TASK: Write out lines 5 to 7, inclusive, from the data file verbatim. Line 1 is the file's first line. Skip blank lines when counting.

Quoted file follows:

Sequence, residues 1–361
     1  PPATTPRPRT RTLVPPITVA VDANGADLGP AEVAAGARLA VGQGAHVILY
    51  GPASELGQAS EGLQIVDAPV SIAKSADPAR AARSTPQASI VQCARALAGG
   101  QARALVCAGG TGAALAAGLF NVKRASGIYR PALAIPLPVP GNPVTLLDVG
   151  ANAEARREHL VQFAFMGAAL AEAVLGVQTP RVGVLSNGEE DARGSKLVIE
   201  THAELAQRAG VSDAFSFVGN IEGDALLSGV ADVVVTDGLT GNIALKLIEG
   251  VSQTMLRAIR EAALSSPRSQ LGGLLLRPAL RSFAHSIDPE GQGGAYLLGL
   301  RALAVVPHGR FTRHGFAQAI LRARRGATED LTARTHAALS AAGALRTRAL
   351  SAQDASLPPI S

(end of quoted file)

   151  ANAEARREHL VQFAFMGAAL AEAVLGVQTP RVGVLSNGEE DARGSKLVIE
   201  THAELAQRAG VSDAFSFVGN IEGDALLSGV ADVVVTDGLT GNIALKLIEG
   251  VSQTMLRAIR EAALSSPRSQ LGGLLLRPAL RSFAHSIDPE GQGGAYLLGL